Though the Oisvorfer is typically more on the quiet side, this year he was quite chatty and met more than several very interesting people and personalities. Another special edition, tentatively titled ‘the people one meets on vacation’ is on the drawing board. And taka this year over Pesach, he met a whole bunch of nice and very interesting people. Each story was unique, each encounter very enjoyable. Ober nothing compared to a chance meeting with a family from Rockville, Maryland, that by chance mamish, or was it, booked the very program that the Oisvorfer would be on. Here then the story.

Following the second Seder, the mishpocho made their way towards the elevator banks. Two elevators were set on shabbis and yom tov mode -meaning- that these specially marked elevators stopped on each of the18 floors on the way up and again on the way down. Ober immediately opposite this elevator, there was another elevator; this one was on manual mode. We had just missed the shabbis/yom tov elevator and it would likely have been another 15-20 minutes before it made its way up and back down. We were all oisgimatert (wiped out) following the second Seder which started an hour later and which ran long due to the plethora of Toirah and other thoughts being discussed. The emes; what was discussed most was the need for a  strong, bold and brave rabbi, in our generation, to do away with it. Can that happen, ver veyst?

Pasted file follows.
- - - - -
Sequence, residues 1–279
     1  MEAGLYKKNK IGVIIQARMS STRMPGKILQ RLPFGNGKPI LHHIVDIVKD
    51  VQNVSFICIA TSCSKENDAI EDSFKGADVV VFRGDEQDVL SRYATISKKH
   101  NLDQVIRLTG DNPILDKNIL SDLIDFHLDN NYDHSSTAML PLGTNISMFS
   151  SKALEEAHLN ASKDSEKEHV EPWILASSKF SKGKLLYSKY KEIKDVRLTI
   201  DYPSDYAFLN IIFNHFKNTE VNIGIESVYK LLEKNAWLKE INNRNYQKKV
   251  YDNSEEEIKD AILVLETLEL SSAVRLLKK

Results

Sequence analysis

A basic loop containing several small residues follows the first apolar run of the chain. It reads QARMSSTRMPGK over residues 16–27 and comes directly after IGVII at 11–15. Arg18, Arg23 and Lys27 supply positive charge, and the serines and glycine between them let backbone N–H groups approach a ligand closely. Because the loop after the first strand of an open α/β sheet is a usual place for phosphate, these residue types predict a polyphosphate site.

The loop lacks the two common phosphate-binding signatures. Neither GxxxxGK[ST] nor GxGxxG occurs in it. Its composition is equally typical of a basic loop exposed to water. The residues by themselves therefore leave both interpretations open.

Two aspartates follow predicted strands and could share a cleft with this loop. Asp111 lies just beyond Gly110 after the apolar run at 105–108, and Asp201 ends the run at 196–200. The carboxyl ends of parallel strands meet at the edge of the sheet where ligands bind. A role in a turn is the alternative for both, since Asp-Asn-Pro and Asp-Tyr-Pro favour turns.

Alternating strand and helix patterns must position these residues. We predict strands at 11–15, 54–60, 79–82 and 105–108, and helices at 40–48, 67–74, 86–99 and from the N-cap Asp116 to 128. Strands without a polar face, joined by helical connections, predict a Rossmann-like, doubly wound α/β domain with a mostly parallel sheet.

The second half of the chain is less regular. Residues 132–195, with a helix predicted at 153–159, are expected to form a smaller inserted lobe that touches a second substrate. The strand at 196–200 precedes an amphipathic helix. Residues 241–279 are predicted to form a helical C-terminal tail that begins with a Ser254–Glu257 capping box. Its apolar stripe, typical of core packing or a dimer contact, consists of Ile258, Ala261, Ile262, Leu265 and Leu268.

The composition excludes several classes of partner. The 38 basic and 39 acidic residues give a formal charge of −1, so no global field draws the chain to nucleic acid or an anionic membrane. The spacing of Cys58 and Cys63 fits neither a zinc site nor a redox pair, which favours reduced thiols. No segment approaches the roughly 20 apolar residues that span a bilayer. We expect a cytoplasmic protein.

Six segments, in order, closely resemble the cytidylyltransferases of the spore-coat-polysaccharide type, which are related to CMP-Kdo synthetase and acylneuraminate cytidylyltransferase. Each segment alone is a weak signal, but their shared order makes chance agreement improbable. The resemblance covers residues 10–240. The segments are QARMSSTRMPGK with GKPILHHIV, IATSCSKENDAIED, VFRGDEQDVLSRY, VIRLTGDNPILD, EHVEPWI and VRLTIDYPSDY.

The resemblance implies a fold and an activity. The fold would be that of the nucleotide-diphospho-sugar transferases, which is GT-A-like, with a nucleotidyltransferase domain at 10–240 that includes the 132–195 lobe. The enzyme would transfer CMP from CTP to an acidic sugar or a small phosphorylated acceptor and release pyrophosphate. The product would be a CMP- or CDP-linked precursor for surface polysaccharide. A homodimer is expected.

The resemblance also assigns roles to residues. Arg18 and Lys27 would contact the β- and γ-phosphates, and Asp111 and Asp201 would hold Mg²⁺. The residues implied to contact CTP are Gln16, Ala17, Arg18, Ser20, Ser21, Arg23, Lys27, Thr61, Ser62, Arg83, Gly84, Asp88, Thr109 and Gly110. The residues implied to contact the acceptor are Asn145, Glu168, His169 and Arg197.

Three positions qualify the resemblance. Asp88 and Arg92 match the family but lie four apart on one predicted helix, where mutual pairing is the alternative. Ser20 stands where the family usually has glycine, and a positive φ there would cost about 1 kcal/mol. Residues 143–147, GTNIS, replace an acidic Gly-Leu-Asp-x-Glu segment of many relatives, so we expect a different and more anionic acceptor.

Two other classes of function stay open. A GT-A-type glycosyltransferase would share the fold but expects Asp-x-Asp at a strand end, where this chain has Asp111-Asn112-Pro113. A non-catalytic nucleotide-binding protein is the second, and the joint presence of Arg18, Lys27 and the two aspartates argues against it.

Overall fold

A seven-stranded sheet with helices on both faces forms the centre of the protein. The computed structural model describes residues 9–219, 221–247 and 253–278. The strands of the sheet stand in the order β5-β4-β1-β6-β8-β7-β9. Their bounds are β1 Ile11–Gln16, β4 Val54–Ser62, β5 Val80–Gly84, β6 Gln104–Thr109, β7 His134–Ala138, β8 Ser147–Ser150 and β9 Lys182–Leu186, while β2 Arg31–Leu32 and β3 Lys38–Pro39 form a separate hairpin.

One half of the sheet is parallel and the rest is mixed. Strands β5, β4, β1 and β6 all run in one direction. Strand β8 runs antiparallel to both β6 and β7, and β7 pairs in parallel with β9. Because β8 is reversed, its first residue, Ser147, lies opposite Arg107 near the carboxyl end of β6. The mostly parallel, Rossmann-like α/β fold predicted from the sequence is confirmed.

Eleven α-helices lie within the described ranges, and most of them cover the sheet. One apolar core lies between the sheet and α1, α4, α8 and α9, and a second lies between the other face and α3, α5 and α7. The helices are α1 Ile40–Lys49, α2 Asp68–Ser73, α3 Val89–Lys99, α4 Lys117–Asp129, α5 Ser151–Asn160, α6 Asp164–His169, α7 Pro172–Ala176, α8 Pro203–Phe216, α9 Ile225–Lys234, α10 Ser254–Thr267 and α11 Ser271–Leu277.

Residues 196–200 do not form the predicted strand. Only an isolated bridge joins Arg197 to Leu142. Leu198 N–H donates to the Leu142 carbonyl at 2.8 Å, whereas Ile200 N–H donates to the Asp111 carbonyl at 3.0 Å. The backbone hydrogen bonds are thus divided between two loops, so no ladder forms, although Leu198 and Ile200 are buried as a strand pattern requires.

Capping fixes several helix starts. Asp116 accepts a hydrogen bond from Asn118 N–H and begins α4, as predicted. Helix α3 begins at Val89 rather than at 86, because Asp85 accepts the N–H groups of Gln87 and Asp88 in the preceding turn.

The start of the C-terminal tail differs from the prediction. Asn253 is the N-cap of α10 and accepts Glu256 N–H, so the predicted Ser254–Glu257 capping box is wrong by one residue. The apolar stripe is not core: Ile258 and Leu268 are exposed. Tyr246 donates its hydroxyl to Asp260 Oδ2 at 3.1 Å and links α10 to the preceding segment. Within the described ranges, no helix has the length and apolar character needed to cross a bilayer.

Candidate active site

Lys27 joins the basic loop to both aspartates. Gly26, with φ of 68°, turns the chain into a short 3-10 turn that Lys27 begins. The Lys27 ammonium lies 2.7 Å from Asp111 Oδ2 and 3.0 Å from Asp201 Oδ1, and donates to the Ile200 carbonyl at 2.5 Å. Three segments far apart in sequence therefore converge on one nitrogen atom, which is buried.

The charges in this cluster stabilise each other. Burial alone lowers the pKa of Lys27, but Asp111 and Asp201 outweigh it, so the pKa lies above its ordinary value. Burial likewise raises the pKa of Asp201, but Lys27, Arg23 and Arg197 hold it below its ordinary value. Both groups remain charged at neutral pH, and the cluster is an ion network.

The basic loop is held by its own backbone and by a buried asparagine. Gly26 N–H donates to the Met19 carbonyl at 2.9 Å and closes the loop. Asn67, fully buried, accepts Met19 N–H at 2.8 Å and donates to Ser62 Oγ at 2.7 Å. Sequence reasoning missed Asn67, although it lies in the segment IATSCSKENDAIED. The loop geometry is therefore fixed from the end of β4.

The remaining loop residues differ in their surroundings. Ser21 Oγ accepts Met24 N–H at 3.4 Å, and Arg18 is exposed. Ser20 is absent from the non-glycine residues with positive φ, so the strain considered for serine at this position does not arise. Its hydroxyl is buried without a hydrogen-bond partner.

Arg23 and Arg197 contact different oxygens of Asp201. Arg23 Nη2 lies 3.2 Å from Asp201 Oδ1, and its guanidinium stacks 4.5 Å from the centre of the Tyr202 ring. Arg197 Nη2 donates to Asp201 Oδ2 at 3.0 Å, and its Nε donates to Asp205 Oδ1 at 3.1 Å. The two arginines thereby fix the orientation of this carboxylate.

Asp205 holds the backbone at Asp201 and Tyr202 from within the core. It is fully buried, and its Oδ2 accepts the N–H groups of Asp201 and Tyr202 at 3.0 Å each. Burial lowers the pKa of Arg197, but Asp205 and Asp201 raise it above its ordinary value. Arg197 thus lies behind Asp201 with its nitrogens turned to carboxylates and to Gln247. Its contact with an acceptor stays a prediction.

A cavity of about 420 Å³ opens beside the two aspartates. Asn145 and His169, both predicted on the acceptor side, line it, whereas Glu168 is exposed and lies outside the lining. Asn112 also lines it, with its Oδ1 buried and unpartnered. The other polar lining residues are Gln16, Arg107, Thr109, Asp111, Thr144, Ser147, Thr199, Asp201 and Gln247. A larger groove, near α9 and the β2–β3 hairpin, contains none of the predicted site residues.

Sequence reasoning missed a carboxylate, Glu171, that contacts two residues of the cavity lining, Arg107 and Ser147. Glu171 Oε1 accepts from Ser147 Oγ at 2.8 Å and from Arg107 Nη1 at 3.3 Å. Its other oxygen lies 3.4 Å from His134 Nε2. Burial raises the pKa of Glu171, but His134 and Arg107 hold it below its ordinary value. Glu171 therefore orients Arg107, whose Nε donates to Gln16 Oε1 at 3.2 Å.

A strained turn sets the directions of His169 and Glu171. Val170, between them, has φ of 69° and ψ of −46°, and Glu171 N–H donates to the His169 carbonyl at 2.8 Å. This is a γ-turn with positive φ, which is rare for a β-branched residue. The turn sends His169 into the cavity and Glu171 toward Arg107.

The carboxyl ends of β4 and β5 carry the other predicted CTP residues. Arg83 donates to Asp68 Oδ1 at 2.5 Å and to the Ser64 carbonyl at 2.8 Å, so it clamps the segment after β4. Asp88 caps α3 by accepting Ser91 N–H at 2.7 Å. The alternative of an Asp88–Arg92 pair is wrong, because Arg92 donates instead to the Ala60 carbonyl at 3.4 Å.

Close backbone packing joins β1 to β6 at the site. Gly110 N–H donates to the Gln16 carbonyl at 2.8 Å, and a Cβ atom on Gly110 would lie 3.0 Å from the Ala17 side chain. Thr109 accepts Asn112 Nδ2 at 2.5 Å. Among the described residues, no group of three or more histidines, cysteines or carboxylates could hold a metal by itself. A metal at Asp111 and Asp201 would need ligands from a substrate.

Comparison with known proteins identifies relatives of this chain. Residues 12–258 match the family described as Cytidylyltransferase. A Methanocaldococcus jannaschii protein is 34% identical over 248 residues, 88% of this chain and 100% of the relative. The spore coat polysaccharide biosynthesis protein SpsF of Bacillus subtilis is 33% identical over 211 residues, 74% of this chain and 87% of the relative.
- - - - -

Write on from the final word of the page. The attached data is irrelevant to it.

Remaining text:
Back to the elevator:

With the shabbis elevator gone and the oilom  (crowd) tired and given that it was yom tov and the second day, the Oisvorfer paskened (ruled) that it would be permitted to hint to the shiksa in the lobby manning the front desk that we needed to make our way to the 13th floor. And taka by the second night, the entire staff already knew that the Yiddin were a weird bunch; they chapped that though we could, walk, talk and certainly eat all day, that for some reason, touching the elevator button was strictly verboten. And with a big smile, she came over pushed the button, the doors opened and we all entered. Ober the RBSO had been cooking up a plan, one in the making for 70 years. Another family joined us for the ride up. A remark by the Oisvorfer in Yiddish sparked a response from an elderly yet quite attractive woman. They got off on a lower floor. We wished each other a good yom tov. The following day at lunch, the Oisvorfer overcame his shyness and walked the entire dining room, stopping intermittently at tables to say hello to various people he had already met. So happened that he stopped to say hello to Jeannie (she of Jeannie’s Dream, hat designer and seller to many in the Five Towns and to clients all around the world.) More on her and her givaldige family another day but you can find Jeannie at 521 Central Avenue in Cedarhurst and online at http://jeanniesdream.net.